The Constitution stipulates that insurrectionists who violate their oath are not allowed to serve in Congress.

    Section 3 of the Fourteenth Amendment, written to exclude Confederate Civil War traitors, says that “No person shall be a Senator or Representative in Congress … who … having previously taken an oath, as a member of Congress … to support the Constitution of the United States, shall have engaged in insurrection or rebellion against the same[.]”

    How the Supreme Court ruled, or whether Republicans actually believe their lunatic claims, is irrelevant. It’s still insurrection even if it doesn’t work out.

    Democrats would have every right, both under the Constitution and under the principle of popular sovereignty outlined in the Declaration of Independence, to convene a traitor-free Congress (also including similar acts committed by Republican senators like Lindsey Graham, David Perdue, Kelly Loeffler, and others), and pass such laws as would be necessary to preserve the American republic.

    That might include a national popular vote to decide the presidency, ironclad voting rights protections, a ban on gerrymandering either national or state district boundaries, full representation for the citizens of D.C. and Puerto Rico, regulations on internet platforms that are inflaming violent political extremism, a clear legal framework for the transfer of power that ends the lame duck period, and so on.

    States would be forced to agree to these measures before they can replace their traitorous representatives and senators. If the Supreme Court objects, more pro-democracy justices can be added.

    This wouldn’t be the first time such a thing has happened, either. Immediately after the Civil War, the Radical Republican Congress refused to seat delegations from the former rebellious states until they were satisfied with the progress of Reconstruction. Southern states were forced to ratify the Fourteenth and Fifteenth Amendments — which guaranteed due process and universal male suffrage — before their congressional delegations would be seated. (As a consequence, those delegations included numerous Black representatives, until Reconstruction was overthrown.)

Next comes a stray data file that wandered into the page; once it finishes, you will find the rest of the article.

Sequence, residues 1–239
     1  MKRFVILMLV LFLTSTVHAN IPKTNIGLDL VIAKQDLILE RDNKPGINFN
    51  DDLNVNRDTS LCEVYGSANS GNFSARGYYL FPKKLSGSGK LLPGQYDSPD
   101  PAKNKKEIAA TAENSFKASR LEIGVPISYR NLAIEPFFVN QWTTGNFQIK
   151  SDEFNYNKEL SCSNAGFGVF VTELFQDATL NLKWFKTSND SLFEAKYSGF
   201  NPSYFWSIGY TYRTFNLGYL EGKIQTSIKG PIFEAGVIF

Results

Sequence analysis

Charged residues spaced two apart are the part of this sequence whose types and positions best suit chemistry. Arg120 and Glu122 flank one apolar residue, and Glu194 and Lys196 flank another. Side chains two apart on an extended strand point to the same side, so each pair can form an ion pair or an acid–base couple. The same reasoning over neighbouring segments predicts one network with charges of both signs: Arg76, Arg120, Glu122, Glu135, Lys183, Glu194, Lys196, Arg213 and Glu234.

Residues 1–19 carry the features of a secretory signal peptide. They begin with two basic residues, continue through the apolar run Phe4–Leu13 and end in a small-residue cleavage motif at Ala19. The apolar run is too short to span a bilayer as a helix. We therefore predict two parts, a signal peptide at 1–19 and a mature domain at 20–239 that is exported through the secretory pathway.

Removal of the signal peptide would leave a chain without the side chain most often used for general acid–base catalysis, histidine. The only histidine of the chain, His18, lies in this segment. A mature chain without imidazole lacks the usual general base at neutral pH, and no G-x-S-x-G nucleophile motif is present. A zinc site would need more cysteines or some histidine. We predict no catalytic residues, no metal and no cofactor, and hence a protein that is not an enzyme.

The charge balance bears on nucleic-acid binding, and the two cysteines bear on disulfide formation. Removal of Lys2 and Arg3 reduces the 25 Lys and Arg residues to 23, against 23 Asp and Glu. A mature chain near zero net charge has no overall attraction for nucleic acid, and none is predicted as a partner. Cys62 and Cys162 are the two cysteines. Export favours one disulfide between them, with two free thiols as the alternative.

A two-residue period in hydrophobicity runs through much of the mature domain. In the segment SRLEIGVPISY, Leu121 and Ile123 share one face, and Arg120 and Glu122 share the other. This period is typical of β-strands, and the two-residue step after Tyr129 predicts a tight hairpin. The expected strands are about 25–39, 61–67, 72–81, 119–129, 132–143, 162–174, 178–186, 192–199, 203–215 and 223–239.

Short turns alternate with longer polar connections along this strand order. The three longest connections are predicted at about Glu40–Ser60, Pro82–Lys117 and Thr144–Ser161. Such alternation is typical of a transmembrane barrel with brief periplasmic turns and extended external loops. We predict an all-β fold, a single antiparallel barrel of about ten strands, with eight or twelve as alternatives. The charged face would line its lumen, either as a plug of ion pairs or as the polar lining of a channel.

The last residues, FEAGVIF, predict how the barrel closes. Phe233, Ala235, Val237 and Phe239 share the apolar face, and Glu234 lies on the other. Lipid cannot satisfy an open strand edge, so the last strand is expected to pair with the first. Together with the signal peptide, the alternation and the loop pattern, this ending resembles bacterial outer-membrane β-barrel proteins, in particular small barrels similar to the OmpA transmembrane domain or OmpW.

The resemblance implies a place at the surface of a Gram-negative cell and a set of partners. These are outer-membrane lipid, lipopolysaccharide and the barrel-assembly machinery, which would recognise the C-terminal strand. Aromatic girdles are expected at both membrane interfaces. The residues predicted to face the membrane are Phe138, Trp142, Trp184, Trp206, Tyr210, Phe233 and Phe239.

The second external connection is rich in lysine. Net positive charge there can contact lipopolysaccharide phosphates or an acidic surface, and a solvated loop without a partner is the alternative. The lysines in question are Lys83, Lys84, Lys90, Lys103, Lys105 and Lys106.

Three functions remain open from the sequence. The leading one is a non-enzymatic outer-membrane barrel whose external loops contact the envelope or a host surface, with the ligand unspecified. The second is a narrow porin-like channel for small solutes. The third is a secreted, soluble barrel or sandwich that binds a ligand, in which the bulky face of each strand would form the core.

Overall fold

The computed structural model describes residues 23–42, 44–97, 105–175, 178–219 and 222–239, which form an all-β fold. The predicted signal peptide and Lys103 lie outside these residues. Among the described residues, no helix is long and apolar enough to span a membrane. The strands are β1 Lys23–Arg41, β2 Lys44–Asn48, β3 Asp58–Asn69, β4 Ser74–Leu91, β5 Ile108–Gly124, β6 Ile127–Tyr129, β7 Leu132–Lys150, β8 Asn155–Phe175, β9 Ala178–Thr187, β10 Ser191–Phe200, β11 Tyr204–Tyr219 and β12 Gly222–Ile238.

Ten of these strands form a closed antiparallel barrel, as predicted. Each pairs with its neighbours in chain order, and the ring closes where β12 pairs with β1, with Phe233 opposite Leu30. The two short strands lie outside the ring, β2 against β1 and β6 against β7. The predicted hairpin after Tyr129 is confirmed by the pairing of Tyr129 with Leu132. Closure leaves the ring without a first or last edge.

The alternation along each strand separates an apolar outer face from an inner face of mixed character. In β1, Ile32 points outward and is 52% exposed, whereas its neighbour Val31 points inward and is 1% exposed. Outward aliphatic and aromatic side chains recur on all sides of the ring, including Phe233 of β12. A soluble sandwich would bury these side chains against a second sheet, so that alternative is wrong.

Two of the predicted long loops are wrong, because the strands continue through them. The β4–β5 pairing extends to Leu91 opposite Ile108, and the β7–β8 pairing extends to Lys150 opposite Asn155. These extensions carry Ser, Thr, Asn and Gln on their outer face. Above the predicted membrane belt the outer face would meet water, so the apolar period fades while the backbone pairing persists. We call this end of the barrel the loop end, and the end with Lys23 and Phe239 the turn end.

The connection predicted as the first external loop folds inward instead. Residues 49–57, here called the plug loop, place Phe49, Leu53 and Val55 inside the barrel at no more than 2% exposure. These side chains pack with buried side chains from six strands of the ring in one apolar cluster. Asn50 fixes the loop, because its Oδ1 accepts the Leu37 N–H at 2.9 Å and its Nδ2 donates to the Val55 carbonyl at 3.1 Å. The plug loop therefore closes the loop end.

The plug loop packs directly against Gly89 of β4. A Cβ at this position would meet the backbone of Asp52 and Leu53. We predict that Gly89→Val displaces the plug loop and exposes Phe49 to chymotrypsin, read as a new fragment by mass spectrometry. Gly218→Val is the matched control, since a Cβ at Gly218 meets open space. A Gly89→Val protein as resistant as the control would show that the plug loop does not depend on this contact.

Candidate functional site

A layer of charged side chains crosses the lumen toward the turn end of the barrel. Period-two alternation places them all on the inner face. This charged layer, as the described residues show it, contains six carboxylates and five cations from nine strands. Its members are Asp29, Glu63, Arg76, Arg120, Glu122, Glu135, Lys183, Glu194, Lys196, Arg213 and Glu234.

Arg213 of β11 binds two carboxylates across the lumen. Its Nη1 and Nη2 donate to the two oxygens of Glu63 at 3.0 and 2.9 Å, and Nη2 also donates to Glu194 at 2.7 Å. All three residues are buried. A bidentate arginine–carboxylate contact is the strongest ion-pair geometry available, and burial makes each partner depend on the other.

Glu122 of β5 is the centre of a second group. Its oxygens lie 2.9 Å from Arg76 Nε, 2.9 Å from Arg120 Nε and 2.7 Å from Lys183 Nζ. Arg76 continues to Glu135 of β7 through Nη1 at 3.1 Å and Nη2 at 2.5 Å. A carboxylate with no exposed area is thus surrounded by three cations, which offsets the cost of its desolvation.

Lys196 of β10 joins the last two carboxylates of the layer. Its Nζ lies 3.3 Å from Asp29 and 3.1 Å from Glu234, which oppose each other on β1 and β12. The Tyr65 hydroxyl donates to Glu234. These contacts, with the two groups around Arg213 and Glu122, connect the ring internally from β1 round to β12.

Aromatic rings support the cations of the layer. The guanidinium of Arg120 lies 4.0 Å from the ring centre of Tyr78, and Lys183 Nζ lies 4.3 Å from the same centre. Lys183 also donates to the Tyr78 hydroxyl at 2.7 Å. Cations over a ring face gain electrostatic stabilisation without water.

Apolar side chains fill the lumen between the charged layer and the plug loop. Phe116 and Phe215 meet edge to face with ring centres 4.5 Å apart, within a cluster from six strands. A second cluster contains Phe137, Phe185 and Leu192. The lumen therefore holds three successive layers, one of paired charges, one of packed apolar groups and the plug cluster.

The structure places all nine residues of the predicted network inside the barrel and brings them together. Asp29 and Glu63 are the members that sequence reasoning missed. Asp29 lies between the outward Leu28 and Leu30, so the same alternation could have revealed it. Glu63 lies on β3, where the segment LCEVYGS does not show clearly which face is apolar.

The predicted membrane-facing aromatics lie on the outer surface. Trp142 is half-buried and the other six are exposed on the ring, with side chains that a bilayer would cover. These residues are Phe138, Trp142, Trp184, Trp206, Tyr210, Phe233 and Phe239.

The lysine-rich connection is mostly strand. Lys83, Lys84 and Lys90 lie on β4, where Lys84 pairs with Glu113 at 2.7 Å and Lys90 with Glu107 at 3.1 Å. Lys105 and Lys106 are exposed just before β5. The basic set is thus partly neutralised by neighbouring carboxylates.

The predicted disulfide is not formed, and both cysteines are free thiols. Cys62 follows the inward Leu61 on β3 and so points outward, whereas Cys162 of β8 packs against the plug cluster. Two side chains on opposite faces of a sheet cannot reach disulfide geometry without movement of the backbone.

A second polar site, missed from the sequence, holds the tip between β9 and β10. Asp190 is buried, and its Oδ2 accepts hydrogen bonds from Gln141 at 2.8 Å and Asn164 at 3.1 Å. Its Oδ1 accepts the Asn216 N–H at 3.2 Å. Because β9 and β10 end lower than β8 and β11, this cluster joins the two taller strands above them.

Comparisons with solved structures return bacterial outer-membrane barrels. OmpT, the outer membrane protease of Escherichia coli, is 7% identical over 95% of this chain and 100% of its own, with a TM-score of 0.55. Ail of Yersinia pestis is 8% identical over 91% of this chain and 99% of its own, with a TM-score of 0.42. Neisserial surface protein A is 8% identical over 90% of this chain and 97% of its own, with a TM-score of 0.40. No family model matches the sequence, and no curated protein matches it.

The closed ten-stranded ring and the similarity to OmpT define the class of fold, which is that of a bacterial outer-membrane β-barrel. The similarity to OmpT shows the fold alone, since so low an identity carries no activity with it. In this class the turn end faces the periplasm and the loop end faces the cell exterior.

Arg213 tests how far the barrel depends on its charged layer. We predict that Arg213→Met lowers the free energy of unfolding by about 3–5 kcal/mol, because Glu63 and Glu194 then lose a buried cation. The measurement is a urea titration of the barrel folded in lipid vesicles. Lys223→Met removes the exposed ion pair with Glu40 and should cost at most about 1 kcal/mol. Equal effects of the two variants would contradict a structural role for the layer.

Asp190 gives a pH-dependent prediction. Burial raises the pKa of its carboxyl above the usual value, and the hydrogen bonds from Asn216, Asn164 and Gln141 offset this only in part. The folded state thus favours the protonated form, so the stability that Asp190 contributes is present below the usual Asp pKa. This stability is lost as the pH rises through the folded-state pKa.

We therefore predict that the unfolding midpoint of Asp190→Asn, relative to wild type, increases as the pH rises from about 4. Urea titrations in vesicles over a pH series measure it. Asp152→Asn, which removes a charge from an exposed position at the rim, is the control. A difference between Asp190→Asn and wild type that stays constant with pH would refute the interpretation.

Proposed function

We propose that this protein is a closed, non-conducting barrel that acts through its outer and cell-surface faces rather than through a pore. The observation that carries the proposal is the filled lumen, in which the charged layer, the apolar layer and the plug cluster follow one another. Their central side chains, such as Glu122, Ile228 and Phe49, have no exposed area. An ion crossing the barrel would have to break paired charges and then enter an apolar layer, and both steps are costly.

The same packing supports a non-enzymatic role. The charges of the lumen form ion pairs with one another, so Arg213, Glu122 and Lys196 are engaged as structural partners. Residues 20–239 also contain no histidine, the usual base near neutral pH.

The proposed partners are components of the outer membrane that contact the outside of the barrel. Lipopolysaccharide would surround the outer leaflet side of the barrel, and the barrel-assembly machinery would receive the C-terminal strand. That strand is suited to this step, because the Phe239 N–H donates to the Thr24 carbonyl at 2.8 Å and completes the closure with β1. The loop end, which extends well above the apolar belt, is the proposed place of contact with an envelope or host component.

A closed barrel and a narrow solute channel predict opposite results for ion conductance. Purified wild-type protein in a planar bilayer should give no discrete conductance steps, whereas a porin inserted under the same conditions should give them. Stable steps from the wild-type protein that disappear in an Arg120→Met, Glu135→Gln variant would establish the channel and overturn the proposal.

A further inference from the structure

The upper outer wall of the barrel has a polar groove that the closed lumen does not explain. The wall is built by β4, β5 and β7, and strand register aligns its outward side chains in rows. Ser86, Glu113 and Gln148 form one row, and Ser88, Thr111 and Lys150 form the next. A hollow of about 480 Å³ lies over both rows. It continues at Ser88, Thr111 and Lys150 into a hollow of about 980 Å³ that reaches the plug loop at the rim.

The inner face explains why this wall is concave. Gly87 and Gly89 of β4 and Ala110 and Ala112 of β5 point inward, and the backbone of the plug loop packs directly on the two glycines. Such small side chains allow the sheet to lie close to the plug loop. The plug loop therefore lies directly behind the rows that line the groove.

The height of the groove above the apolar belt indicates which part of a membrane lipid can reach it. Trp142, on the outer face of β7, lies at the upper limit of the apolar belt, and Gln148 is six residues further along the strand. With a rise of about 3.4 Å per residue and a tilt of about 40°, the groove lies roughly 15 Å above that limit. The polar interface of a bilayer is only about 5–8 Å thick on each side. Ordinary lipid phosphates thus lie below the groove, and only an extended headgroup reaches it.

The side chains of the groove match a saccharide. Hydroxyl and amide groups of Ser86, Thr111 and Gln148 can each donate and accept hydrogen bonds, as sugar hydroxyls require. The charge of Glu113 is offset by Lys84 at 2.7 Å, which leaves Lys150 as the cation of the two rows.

But it’s not hard to see where the current conservative trajectory is headed. While elected Republicans have tried to overturn the election using increasingly blatant methods, top conservative pundits are mulling the idea of secession, as their treasonous fire-eater forebears did 160 years ago.

    The lie that Biden stole the election is now official GOP dogma. By the same token, it is not a coincidence that the Republican Party is ignoring the deadly pandemic (if not actively spreading the virus) while they try to overturn the Constitution. They feel they can safely ignore the welfare of the American people, because they are not accountable to them.


    GOP Senator Sasse Reacts to SCOTUS Decision on ‘Nonsense’ Election Reversal Bid
    Mili Godio

    “Since Election Night, a lot of people have been confusing voters by spinning Kenyan Birther-type, ‘Chavez rigged the election from the grave’ conspiracy theories, but every American who cares about the rule of law should take comfort that the Supreme Court— including all three of President Trump’s picks—closed the book on the nonsense,” Sasse said in a statement Friday.


    A Fox News poll showed that 42% of respondents said that they felt history would judge Trump as one of the worst presidents; 22% said that he would be judged one of the greatest. Other respondents fell somewhere in between.


  2. Do you realize if MS was voted in, all of a sudden a lot chickens would grow a pair? Trump would be thrown out quickly. MS is all about much, much more than money.